Did that solve all of our problems with labor rank and file in the health care debate, or the 1994 elections? No, of course not. But labor leaders also did not encourage Dick Gephardt to run in a primary against Clinton when he was at his weakest point in 1995, as many unions encouraged Ted Kennedy to take on Jimmy Carter in 1980. And they fought like tigers for him in the 1996 election, and in the impeachment fight, and most of Clinton's other big issue fights. That tough, awful NAFTA fight didn't break the bond between Clinton and labor. This is how a White House should operate with its progressive allies, not just labor but the broader progressive community as well.

The reason Bill Clinton did not have a primary fight in 1996 in spite of his being more of a moderate President in a tough political environment, and the reason he did not get deserted in the impeachment fight in spite of so many Democrats being appalled by the stupidity of his affair with Lewinsky, was because we always worked closely and respectfully with progressives, even when we disagreed. Contrast what Clinton did with labor leaders even as they were bitterly disagreeing with the White House, with the unnamed White House staffer who attacked the progressives who are actually fighting for the Obama health plan as "left of the left".

Now, fortunately, this attitude clearly doesn't permeate the White House in general. Valerie Jarrett, who welcomed progressives to the table when I worked in the Obama/Biden transition, happily accepted an invitation to Netroots Nation last weekend, and answered all questions, even the toughest, with a warm and welcoming attitude. Her entire team at the White House, especially Mike Strautmanis and Cecilia Munoz, does a great job of welcoming ideas and even dissent.

One of the reasons the unnamed staffers' quote generated so much attention and anger among progressives, though, is that it was reminiscent of the arrogance the Obama team showed throughout the campaign. Strautmanis was the only senior campaign staffer I knew who seemed to care at all about progressive outreach during the general election, and it wasn't his job (he was doing congressional liaison work). In fact the campaign publicly discouraged their donors from giving to outside progressive groups. And it did not go unnoticed that the last major caucus the President met with in the House was the Progressive Caucus, or that outreach to bloggers and progressive media has been slower and lesser than to a lot of conservative media folks.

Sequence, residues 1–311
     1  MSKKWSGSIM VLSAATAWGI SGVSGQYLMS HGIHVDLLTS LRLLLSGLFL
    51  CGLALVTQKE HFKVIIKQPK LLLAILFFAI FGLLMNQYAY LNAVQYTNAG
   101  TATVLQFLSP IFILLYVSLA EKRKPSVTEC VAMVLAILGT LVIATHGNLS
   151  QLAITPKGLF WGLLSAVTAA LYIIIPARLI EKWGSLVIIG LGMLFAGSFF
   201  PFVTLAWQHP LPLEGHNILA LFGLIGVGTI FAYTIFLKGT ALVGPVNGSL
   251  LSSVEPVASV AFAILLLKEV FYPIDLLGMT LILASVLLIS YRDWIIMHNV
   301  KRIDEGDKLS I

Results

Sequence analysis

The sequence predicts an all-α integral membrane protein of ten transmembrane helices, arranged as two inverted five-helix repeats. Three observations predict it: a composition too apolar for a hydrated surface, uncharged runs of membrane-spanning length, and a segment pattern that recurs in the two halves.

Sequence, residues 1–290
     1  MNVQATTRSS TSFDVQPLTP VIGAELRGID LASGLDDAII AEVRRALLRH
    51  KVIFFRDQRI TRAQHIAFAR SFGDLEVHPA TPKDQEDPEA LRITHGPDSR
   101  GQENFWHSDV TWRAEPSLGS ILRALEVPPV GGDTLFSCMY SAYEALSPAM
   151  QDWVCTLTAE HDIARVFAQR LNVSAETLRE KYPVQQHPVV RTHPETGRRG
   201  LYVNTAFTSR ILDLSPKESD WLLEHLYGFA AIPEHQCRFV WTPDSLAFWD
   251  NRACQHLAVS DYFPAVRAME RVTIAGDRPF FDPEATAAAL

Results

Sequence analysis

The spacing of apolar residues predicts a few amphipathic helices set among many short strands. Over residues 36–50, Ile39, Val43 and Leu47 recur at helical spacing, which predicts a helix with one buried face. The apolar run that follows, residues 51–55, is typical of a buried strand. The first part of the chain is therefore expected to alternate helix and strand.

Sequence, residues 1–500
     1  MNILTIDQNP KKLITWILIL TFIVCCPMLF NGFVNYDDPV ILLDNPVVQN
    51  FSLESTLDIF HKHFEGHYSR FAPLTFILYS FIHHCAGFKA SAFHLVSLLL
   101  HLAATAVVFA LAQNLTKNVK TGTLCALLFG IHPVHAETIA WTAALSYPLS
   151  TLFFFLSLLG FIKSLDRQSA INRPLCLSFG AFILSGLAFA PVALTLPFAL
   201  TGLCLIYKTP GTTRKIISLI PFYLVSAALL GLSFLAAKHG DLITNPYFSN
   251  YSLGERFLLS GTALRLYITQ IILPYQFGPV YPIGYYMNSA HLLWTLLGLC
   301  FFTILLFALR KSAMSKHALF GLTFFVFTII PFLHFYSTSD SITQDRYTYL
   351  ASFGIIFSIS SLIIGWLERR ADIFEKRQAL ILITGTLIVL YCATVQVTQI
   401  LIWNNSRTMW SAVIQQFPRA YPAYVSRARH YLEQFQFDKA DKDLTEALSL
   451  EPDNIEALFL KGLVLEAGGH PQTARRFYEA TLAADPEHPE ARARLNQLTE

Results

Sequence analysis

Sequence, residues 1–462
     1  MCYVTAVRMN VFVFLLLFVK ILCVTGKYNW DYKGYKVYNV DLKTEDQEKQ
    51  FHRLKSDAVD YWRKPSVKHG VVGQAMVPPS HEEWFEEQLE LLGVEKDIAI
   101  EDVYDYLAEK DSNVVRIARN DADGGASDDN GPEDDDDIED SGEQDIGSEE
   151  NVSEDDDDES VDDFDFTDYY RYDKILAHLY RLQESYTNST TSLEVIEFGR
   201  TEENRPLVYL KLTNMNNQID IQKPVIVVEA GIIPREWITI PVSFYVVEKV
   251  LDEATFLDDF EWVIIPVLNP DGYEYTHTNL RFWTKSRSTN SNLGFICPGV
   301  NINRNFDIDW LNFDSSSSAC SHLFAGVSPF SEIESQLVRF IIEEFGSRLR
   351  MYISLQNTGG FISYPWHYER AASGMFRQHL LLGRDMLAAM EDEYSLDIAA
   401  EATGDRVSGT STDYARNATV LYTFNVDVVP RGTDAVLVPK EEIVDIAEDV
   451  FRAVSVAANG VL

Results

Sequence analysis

The other key problem is the lack of passion Obama and his White House seem to bring to fighting for what matters to progressives. The tap dance they've been doing on whether Obama not just supports, but will fight for, a public option has been going on since the transition, and it's only one of many policies they are determined not to commit too much to. The unwillingness to pick fights and go toe-to-toe with insurers, drug companies, Wall Street, and other special interests is making the progressive community a lot less willing to pick fights for them.

You see the warning signs everywhere, from Paul Krugman's columns to Bill Maher monologues to the dropping numbers from Democrats in the latest DailyKos poll. But what worries me the most is the hard-core Obama people I know, the ones who were most excited about him during the campaign who are growing so disillusioned.

One question going forward is which strategy prevails in this White House- the more open and welcoming Jarrett/Strautmanis strategy, or the angry, arrogant strategy of the anonymous source trashing the left-of-the-left in The Washington Post the other day. More fundamentally, though, is this essential strategy question: will this White House choose to fight for things, such as the public option, that the base actually cares about, that makes us want to fight for Obama in return?

The answers to those questions will have an enormous amount to do with whether there is grassroots passion to push through health care reform and other major issues, whether or not there will be a destructive primary fight in 2012, whether or not Obama gets much activist help weathering the tough days ahead on the economy, and most important of all, whether his Presidency is judged a success by history. I have hope that he will come back from these troubles, because many Presidents have, and he is a good and smart man. But I'm starting to get nervous.